Senior theater majors Clara Bush and Belen Yoder presented their joint senior lab production entitled “And She Was Heard” last Friday and Saturday nights. The production — or a “manifesto on frustration,” in the words of Bush — was a compilation of four short excerpts from various scripts, intended to showcase powerful female voices in theater.

Bush and Yoder clearly crafted “And She Was Heard” intentionally, particularly in set choice and performance order. Bookending the contemplative monologues in the middle with more light-hearted segments gave the audience both a chance to settle in and ease out. It was also significant to me that Yoder’s monologue, a hopeful passage taken from Muriel Barbery’s “The Elegance of the Hedgehog,” followed Bush’s heavier monologue of a middle-aged woman despairing over ever finding a husband. The chosen direction of “And She Was Heard” was one of hope and possibility.

The total absence of male characters in the four scenes forced me to realize just how far the patriarchy has penetrated my own experience. Even without male characters present, I could feel the collar of the patriarchy constricting the voices Bush and Yoder portrayed, channeling their impulses and actions in one direction. What really touched me about “And She Was Heard” was the tangible tugging against that patriarchy-instigated impulse, which was further emphasized by the scene choices Bush and Yoder made.

Although not many questions were voiced during the talk-back, I appreciated the space dedicated to discussing the meanings behind the play segments and how they fit together to create an argument of sorts. Among other things, one point brought up was an oft-cited study finding that 37 percent of theater roles are female, with even lower numbers for speaking characters and protagonists. It should be noted that the original study from which the “37 percent” number is derived was a single-day sampling of a group of theaters in a region of the United Kingdom, not a comprehensive sampling of theater literature in the broader sense. As such, the statistic should not be generalized to the entire body of theater literature, especially considering the narrow sampling frame used in the study.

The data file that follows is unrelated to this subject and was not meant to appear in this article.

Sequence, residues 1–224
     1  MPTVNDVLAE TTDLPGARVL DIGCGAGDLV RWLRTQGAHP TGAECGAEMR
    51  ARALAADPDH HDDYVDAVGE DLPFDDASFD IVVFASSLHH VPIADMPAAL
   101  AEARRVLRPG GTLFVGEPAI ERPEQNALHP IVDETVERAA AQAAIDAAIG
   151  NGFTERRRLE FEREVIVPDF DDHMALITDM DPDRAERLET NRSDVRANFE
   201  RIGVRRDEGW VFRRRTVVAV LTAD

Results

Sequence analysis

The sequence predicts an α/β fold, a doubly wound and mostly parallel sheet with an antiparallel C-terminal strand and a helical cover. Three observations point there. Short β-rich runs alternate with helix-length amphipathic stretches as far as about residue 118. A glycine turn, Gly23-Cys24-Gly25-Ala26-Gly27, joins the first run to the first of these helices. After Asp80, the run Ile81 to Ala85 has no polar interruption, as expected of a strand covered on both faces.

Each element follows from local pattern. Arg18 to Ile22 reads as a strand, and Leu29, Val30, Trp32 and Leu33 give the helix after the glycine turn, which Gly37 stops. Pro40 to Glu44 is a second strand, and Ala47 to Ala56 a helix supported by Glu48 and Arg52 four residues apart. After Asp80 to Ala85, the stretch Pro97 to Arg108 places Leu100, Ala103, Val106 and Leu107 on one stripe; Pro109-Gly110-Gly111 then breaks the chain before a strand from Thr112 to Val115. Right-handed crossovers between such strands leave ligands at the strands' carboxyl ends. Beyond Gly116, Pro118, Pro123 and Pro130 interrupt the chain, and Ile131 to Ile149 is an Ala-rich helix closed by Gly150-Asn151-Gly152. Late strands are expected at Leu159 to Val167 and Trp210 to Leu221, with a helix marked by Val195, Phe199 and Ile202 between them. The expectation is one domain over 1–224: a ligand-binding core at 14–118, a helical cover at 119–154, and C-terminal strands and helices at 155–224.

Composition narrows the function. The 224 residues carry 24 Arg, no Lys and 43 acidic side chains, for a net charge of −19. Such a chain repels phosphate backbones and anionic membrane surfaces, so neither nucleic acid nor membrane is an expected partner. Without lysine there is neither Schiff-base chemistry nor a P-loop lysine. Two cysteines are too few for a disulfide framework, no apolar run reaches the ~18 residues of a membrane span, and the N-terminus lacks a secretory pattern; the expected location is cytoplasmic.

That said, the statistic remains striking, and even over-generalized it doesn’t feel far from the truth. Having gone to two high schools and a college where the theater scene was dominated by the female population, I am well familiar with the difficulty of finding scripts that showcase strong female roles. Even though I am, indeed, a male non-theater major reviewing a theater production about the absence of strong female voices, I understand and lament the incredible lack of mainstream female-centered plays. As one attendee mentioned during the talkback, even female playwrights tend to write scripts that have male protagonists.

Bush and Yoder also noted during the talkback that once they started looking for scripts outside the realm of the patriarchy, it was hard to know which ones to include. They lamented together, “There are so many unheard voices we couldn’t do.” Bush spoke briefly about a script featuring a Jewish woman that they felt would have been culturally insensitive to produce. I, too, felt like the production was missing something. Maybe it was only because “And She Was Heard” left me wanting more, but a final fifth act would have really driven the point home for me. Perhaps an expressive soliloquy or demagogue-like rant would have given Bush and Yoder’s frustrations more stage presence and added expression to the already-reflective mood.

There were definitely things missing from Bush and Yoder’s production, but considering the scope and limitations of the project, they achieved their aims exceptionally well. “And She Was Heard” infused near-simultaneous light and dark moments, flipping brilliantly from one to the other in ways that developed a perfect atmosphere for the delivery of their sobering message. Perhaps it did not quite reach manifesto-level, but “And She Was Heard” nonetheless delivered an enjoyable and subtly poignant performance.

Harrison Horst

Senior Advisor

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